Being Positive With US

big colorful hummingbird

I am consistently amazed by the situations that present themselves in order for me to practice each week.  I anticipated Week 7 to be discovering a delicate balance with the people I spend the most time, and related it to a story from my teen years, where my mum and I won a trophy by winning a log sawing competition.    Although we had no experience or practice, we successfully navigated a mutual effort toward being an effective team of log sawing maniacs.  This trophy is not significant because we won a race.  It commemorates one of the finer moments of harmony, teamwork, and friendship between me and mum.   For that, I am truly and humbly, grateful.

This week’s practice had a lot to do with humility.  I already explored happiness, healthiness, and hopefulness, all excellent pillars of what helps me build a day-to-day positive mindset.  I am surprised that humility wiggled its way into the forefront of being positive with US.

Humility has been a trigger word for me since I was a kid.

First, there was a boy in my Grade 4 class who would tell me how conceited I was, to which I scoffed a response.  I knew he was not flattering me, so I dove into a dictionary to find out what it meant.  Since he was not trying to enlighten me, unlike most 10 year old boys…hah…. his opinion bothered me tremendously, causing me to figure out what humility might look like for this hot-headed, dramatic, 10 year old, girl.

Then, as I got older, singing and performing more regularly, to bigger audiences, getting accolades and awards for music, mum would tell me not to get too proud, to stay grounded…humble….and never complimented me on any achievements, other than academic; of those, there were few.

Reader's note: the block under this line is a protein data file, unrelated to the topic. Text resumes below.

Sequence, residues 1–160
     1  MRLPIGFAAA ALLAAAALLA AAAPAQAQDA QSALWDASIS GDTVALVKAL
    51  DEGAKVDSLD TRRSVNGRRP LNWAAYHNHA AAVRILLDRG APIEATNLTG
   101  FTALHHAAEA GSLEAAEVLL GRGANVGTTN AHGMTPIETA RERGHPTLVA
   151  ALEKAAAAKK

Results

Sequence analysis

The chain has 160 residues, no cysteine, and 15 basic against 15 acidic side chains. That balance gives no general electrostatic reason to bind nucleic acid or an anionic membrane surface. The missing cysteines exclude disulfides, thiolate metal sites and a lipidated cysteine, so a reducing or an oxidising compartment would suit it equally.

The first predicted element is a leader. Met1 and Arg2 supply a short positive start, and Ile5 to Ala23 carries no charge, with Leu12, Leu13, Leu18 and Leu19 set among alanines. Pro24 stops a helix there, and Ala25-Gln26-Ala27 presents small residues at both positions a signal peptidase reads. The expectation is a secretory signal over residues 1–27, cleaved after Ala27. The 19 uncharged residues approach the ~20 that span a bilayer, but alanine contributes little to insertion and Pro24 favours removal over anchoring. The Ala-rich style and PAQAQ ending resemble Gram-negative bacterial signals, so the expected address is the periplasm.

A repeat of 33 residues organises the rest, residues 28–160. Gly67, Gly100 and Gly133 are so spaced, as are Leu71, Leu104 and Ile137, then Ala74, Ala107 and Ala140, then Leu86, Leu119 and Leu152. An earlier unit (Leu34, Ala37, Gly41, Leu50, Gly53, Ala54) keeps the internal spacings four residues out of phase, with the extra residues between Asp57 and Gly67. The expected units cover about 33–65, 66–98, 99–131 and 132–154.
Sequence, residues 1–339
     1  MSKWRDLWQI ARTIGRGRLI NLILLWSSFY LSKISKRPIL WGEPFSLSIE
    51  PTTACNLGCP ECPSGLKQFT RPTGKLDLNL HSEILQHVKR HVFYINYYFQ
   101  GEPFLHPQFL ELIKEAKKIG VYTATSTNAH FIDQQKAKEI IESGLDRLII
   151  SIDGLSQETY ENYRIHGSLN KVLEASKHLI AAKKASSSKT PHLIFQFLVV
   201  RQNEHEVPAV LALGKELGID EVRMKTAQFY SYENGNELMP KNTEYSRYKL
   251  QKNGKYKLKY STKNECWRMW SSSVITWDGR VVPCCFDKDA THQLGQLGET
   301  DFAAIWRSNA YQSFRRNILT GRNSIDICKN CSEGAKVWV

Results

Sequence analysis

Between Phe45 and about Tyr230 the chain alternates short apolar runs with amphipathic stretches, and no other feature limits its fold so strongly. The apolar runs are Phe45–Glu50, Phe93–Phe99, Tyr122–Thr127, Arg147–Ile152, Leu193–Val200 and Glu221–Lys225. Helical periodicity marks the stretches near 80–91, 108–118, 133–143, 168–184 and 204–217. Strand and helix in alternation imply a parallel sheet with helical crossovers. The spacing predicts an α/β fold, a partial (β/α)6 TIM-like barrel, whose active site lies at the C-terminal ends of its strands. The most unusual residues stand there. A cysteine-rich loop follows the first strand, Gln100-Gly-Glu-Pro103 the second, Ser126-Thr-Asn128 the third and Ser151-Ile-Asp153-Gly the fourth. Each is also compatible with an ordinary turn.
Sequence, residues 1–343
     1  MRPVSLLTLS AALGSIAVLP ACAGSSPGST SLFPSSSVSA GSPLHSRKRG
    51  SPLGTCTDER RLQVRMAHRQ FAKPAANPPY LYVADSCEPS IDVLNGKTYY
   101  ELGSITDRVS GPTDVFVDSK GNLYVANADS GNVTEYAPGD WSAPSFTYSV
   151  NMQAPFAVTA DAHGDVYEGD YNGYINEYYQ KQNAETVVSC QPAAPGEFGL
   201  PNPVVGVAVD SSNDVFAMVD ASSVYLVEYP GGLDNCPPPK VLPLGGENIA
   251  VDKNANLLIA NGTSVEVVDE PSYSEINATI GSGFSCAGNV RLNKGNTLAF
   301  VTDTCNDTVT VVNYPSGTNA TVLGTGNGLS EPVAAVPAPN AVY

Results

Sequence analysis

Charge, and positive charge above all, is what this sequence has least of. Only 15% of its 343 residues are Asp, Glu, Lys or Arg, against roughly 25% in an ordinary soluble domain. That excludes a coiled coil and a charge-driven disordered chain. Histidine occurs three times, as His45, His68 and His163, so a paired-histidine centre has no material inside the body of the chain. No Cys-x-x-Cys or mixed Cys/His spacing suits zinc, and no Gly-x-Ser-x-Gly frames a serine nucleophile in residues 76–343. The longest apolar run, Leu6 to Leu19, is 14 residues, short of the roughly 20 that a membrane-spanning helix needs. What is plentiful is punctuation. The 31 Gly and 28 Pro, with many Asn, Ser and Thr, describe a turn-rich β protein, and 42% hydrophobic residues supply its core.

Lastly, and absolutely the most impactful impression upon my self worth, was the constant nagging of my ‘ex’ about being a ‘humble, righteous woman’, meaning I was not to be concerned about my appearance, should always submit to ex-husband’s opinions, and obey all his “suggestions”.  Whenever this did not happen (as I occasionally had a thought of my own to share), I was rebuked for my lack of humility and implored to seek immediate forgiveness from him and God.  Not only did I develop a growing bitterness toward this man who appointed himself in judgement of my ultimate salvation, but I also started to believe the loving and graceful ‘God-friend’ of my childhood was no longer such an amicable relationship.  In fact, I was exposed to this barrage of criticism so much, I was certain there was nothing left in me to be proud or happy about, making me useless and unlovable, even for God.  The only one who could actually care for me, was this ‘god-man’ who, for reasons he could not say, took pity on my poor, damned soul and determined to ‘love me anyway’.

Thankfully, I can look back at all these memories now with insight and clarity, and not be upset or deceived by their motivations… but when it was happening, in real time, those moments were torturous!

Did I find myself being tortured this week?  Well, yes….and no.


because we are facing another teen prematurely heading out the proverbial door, and although he is not slamming it in our face as he goes, he is making it clear that we are not what he wants.  We do not make him happy.  He wants to be somewhere free of people that try to stop him from harming himself through unhealthy situations and relationships.  We have been blamed for all his problems and as a result, our family dynamic is changing.

Hubby and I are devastated.  We work, play, and love full-on!  Our kids have all they could want and need, almost never hearing the answer ‘no’.  We spend time with them, engage in meaningful conversations, and lay out reasonable rules to be followed with normal consequences.  Family is a priority and both of us have held off on career moves that would decrease our time to get involved in things they want to do.  They know we love them and would do anything for them, yet two have chosen to leave us….run away….get high… free, from our carefully thought-out parenting plan.  So my BIG question is this….how do I be positive about my family amidst this?  The horizon looks stormy and scary…